Most of us have some sense that we need to pray for things, and for the people who are dear to us, so that God will do good for us and for them. Most of us have also experienced the distress that comes when it seems that our prayers are not answered, or even that God is not present to hear our prayers, If we are not careful we can easily fall into a false understanding of the Christian life, where God is the source of good things which he will give us if we perform some religious activities, or the source of good feelings that are comparable to those we experience and desire in a secular context. Such a view misses out on so much that is Good News and which is the true essence of Orthodox Christianity. God is not the source of good things or good feelings, but is all goodness and love himself. He does not ask us to pray for gifts but to give ourselves entirely to him that we might receive him in his own fullness.
If I do things for my wife only to receive kindness from her then I am not acting in love but only with a mercenary attitude in which my actions are intended to produce a particular response for my own benefit. If I truly love my wife then I will seek to do that which is an expression of my love simply for the sake of love and not in the expectation of any reward or response. Indeed, we know that often when we intend to do something good for someone it can go wrong and be misunderstood. But this is never a reason to cease to act in love. The expression of love is itself enough reward, whether or not we gain something in return.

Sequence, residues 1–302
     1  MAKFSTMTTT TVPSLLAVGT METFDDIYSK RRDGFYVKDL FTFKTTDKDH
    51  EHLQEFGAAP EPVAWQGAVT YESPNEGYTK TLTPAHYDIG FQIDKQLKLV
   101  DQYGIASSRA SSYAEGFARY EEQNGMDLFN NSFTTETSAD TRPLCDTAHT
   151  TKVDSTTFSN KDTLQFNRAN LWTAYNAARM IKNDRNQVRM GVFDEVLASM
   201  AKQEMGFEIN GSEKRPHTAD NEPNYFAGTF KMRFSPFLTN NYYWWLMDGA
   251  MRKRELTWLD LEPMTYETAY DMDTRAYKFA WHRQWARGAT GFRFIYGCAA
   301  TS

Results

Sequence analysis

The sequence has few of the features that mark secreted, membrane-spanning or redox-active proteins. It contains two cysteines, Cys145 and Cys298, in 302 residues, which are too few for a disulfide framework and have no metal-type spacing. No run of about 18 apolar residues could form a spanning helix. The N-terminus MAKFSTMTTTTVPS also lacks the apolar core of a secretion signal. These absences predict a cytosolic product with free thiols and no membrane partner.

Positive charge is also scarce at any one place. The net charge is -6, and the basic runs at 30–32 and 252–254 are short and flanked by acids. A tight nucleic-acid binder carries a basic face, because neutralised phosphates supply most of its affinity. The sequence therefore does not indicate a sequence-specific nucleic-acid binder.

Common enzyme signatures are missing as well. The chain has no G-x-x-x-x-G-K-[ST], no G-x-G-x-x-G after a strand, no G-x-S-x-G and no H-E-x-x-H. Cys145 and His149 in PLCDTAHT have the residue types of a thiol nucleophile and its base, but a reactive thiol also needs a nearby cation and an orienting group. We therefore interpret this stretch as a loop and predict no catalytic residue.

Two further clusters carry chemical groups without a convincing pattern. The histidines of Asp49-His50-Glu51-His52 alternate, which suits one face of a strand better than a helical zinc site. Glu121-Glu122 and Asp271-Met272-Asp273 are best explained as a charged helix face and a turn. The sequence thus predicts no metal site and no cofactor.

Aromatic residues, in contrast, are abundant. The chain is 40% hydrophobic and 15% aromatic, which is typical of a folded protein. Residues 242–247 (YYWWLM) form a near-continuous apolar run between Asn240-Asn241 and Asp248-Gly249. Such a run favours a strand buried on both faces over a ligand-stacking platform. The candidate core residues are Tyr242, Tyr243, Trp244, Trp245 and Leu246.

Likewise our relationship with God must exclude any and all transactional and commercial attitudes. If we are praying because we want to receive material things from God then we are not praying to God at all but to a construct, an idol, that we have created. Prayer is union with God in the heart, and to pray is already to receive everything, since true prayer is to enter into the presence of God, who gives himself to those who seek him.
We are certainly to pray for ourselves and others as the Scriptures teach us. Nevertheless we must avoid offering such prayer in the same faulty attitude that having done something religious God must now give what we have asked for. There are two passages in the Gospels which I believe present the right attitude to us when offering prayer for our own needs and those of others. In the first case there is the account of the healing of blind Bartimaeus. He sat at the roadside in the dust, blind and unable to escape his circumstances. When he heard that the Lord Jesus was coming along the road he began that ceaseless cry which is the basis of the Jesus Prayer. He cried out loudly and insistently, Jesus, Son of David, have mercy on me.